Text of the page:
What's that you say, someone has erected a large building in the middle of Miss Case's archery field while you weren't looking! A fine how-do-you-do! Well, actually you are looking at an early 1900s photograph that shows what was known as Teachers' Hall residing in the now vacant field between the Manchester High School building we, the class of 1955 attended, and the South United Methodist Church parsonage.
“The Harper’s New Monthly magazine of November 1892, in an article entitled ‘An Industrial Experiment at South
Manchester,’ gives South Manchester the credit of being the ‘seat of the introduction of silk weaving in the United States.’
Cheney Bros. was the experimenter.”
“By 1889 there were nine teachers in the Ninth School District, the area of South Manchester surrounding the mills.” Over the years, the number of teachers grew and housing them became a concern. Thus evolved what became known as Teachers’ Hall, a long building which stood just south of the old High School. Teachers were expected to keep their own rooms ready for “white glove” inspections. “….Ample, nutritious, and well-balanced meals were served.” The residents had to observe a curfew of 11 p.m., and the article mentions how some enterprising teachers either climbed in first-floor windows or used the fire escape to reach upper floors. Hm-m-m….some things never change!!
[Ed. Note: Mention is also made of this facet of Teachers' Hall in the article An Interview with "Mrs. Maher".]
The detailed description of the interior sounds rather inviting and well planned. The bedrooms themselves sounded rather like college dorm rooms, sparse but amply furnished, with curtains, etc., provided by the residents. The dining room was furnished with round tables seating 12, and the teachers were provided with 3 meals a day. Wednesday s and Sundays were “dress for dinner” occasions, with dinner always served promptly at 6 p.m.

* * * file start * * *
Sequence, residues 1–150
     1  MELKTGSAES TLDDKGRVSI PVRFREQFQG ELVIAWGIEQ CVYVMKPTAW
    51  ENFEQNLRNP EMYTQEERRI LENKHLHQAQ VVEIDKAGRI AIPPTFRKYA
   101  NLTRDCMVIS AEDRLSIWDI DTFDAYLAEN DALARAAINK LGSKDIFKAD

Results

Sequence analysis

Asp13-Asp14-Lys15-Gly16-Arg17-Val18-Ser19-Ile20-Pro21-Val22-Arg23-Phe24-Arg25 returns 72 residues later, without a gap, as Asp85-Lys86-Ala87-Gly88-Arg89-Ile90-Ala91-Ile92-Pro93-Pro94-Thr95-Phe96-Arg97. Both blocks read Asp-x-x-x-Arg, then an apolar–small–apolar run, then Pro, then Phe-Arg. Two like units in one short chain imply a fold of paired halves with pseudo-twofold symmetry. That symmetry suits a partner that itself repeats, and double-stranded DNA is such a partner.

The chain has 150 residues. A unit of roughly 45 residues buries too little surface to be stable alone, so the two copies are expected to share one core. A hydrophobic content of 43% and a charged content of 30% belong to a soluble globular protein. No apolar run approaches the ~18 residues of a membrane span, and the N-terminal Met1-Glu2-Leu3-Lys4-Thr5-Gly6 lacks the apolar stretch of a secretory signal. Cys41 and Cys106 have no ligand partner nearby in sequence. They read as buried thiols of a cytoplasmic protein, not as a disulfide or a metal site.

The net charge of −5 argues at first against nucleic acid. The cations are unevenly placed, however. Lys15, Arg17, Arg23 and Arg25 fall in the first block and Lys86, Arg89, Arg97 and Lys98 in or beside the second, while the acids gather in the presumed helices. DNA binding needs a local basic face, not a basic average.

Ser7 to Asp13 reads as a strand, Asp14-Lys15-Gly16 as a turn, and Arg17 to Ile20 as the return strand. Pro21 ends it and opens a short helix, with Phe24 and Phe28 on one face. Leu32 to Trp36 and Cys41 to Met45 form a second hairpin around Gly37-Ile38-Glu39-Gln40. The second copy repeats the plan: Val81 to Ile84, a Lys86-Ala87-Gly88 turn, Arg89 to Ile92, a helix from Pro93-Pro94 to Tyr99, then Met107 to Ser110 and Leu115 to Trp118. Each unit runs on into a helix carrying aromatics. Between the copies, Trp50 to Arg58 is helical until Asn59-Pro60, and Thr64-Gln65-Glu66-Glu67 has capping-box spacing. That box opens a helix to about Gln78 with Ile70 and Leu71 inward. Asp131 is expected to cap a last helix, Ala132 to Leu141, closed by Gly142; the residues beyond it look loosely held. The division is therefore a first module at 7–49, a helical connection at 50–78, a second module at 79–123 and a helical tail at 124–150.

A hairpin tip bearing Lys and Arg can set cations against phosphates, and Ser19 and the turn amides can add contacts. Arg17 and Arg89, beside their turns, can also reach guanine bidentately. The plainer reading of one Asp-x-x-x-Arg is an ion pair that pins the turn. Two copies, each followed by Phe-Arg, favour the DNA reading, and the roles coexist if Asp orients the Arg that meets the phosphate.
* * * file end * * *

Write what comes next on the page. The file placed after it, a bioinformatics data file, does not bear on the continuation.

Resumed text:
“Teachers took their responsibilities seriously and earnestly did many hours of work at home. The level of loyalty, morale and esprit de corps was high.”
In the early 1900s, Cheney Brothers hired some college graduates to work in their offices, and those girls made their homes with the teachers in Teachers’ Hall. The article further mentions that the facility housed “about eighty individuals.”
“A disturbing factor arose in 1924-25 when Cheney Bros. discontinued their support which had been the payment of about two thousand dollars toward maintenance. Their responsibility was then assumed by the teachers themselves. Board was increased $1.25 per week. “ (This was an increase from the average price of $8.25 per week! What would that be in today’s inflated economy??)
Around this same time, things became less strict and structured in the Hall due to the absence of training students; a more hotel-like atmosphere was evident. There was great excitement for a period around 1930 when men began living in the facility. They were designers, chemists, mathematicians, newspaper reporters, and efficiency men; even a family moved into an area close by at the south side of the Hall. “Integration of the two groups must have been successful as friendships developed in a few cases, leading later to marriages.” Told you…..some things just never change!!
“In April of 1932…..all the schools came under the control of the Town Board of Education. The days of Teachers’ Hall were numbered. In December of 1932 it was closed, and not long after the building was demolished. Thus ended the history of a unique institution, a home away from home, one where parents felt safe in sending their young and inexperienced daughters to begin the career of teaching.”
Editorial license taken here….this, to me (Sandy Jenkins) sounds like a delightful experience for the many young women who lived in Teachers’ Hall. Certainly all of their needs were met and, other than general housekeeping duties, time was available for social activities, study, and the generally varied “trials and tribulations” of growing up!
Reproduced 2011 from www.mhs1955.com with permission of its webmaster Dick Jenkins.
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